Air Brakes

Air brakes use compressed air to allow trains to run much faster, reducing the cost of train rides. Before air brakes, train speeds were limited due to an inability to reliably slow them. Runaway trains were a real problem before air brakes limiting the speed and utility of trains.

Image result for early paris train breaking through a building

Westinghouse innovated an airbrake for trains that functioned vastly better than prior braking methods, which were sometimes ineffective and could cause trains to derail. His air brakes allowed trains to travel faster and more safely. They quickly became an industry standard.

The Westinghouse air brake used an air reservoir connected to brakes on each car. The momentum of the cars filled or removed air from the reservoir, slowing the train or allowing it to move faster. Unlike prior systems, the air brake was far more reliable and far less prone to break.

Air brakes clamp down when they are unengaged; the air pulls them away from the wheel rather than forcing them to slow wheels down. Because of this, in the event of a failure the brakes would clamp down slowing a train, rendering them failsafe. In the event of a catastrophic failure, the worse that would happen is a train wouldn’t move.

Earlier brakes were pneumatic but the systems leaked and were prone to failure. Whereas pneumatic fluid once leaked must be manually refilled, a challenge on countless rail cars, air is infinite.

Air brakes remain in use today for heavy equipment, especially equipment that is coupled. Some trains continue using air brakes though many have transitioned to electrical brakes that can apply more measured force. Air brakes are also used on semi-trailer trucks.

While the brakes are mechanically failsafe, human error can defeat them. If an engineer purposefully changes air pressure in the valves, the brakes can release when they should clamp. This happened in a 1988 Paris train accident which killed 56 and injured 60 people.

Later in life, Westinghouse decided to diversify and partnered with Tesla to build AC electricity.


Railroads vastly lowered the cost of moving people and goods over land.

Richard Trevithick invented the locomotive engine. However, he never quite created a fully functioning railroad: Trevithick’s locomotive was a literal circus act, pulling children around a track at a circus.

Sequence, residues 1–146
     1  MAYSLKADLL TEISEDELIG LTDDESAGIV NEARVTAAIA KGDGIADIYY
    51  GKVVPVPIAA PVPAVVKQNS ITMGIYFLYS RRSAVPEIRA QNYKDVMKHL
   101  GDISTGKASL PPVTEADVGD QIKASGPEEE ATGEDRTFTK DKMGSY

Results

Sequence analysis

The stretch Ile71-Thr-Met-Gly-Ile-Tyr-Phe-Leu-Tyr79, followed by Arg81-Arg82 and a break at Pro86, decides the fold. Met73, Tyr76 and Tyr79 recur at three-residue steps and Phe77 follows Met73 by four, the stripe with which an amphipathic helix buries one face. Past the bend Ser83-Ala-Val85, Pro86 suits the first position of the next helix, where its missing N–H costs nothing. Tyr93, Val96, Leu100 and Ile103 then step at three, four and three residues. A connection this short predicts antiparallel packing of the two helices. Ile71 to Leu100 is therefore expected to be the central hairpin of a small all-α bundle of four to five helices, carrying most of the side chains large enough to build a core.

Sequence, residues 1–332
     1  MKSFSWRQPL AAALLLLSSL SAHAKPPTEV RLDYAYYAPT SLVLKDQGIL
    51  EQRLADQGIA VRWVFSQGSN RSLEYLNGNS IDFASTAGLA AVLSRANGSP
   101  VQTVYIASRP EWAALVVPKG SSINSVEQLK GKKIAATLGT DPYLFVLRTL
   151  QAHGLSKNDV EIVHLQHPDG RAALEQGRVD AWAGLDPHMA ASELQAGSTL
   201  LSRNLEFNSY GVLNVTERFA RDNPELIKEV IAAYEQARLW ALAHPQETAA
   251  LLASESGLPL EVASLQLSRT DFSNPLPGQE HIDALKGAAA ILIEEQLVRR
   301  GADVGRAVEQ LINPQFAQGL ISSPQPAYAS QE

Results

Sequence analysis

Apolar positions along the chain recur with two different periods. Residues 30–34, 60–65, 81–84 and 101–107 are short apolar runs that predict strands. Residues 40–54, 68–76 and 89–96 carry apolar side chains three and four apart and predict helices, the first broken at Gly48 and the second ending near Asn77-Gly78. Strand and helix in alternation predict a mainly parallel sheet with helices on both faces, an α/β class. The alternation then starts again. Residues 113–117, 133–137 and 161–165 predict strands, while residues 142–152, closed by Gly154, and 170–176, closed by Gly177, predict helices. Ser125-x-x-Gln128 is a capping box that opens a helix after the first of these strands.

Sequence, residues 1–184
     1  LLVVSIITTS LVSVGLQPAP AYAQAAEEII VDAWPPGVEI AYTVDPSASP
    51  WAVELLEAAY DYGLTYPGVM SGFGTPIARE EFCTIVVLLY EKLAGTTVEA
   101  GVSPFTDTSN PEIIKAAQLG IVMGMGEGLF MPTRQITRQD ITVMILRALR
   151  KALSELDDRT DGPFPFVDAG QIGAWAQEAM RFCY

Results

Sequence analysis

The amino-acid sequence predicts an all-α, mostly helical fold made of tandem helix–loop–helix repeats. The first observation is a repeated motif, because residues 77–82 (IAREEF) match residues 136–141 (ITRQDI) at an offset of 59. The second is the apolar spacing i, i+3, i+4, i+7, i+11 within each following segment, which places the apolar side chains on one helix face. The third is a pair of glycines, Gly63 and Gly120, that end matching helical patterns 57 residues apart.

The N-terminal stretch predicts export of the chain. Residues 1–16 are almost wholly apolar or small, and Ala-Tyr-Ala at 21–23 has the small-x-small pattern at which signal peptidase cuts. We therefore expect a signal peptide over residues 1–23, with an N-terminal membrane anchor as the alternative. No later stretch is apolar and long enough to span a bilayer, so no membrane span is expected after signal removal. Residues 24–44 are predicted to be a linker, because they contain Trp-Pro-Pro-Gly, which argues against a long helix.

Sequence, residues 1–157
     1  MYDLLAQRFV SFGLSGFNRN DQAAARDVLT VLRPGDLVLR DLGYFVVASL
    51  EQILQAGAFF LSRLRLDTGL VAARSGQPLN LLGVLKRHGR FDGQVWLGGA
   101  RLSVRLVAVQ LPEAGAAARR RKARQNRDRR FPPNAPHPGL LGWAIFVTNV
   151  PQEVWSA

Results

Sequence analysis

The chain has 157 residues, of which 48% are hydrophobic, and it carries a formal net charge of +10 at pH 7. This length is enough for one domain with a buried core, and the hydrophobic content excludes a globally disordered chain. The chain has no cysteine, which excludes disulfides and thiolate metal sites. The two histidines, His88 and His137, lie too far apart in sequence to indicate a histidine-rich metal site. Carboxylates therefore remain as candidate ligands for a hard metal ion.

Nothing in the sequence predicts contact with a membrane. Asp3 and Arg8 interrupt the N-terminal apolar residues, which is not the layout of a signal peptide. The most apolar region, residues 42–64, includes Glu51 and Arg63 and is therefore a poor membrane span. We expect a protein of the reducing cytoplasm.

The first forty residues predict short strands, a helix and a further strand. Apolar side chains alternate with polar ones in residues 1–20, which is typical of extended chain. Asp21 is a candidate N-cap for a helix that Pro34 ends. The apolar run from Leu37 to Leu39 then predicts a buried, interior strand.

His core innovation was the idea of a high-pressure steam engine. Prior steam engines, invented by James Watt of Boulton & Watt, used atmospheric pressure. That is, the weight of air would compress the piston and steam would expand it. Trevithick’s high-pressure engine, on the other hand, worked like a modern engine, using the fuel to power the pistons to create thrust.

An early Trevithick engine blew up killing four men. An enraged Watt suggested that Trevithick should be hanged though it wasn’t clear if his anger was jealousy, at the high-pressure engine, fear of engines being shunned, or genuine moral outrage.

Furthermore, Trevithick lived nearby (some say he was neighbors with) Watt engineer James Murdoch. It is entirely possible that Murdch helped the illiterate Trevithick build his engine. Murdoch would have been prevented from doing so due to Watt’s distaste for high-pressure engines.

Whatever the reasons, Trevithick died poor, buried in an anonymous paupers grave despite the impact of his innovation to the world.

George Stephenson is generally created as the innovator of the first real railroad. To this day, standard gauge railroad tracks are referred to as “Stephenson gauge track.” Interestingly, Stephenson worked briefly with Trevithick in South America and purchase Trevithick, who was poor, a ticket back to England.

George Stephenson met and arguably built on Trevithick’s work but also engineered much of his own. The first real locomotive engine, called the Blucher, was capable of carrying 30 tons of coal at 40 miles an hour, an unheard of task at the time. Besides building engines, Stephenson also went on to build the infrastructure for them, including countless bridges still standing today.

His son, Robert, took over the business and became enormously wealthy, the first railroad barons. Father and son are buried in Holy Trinity Church, alongside England’s most influential people in history.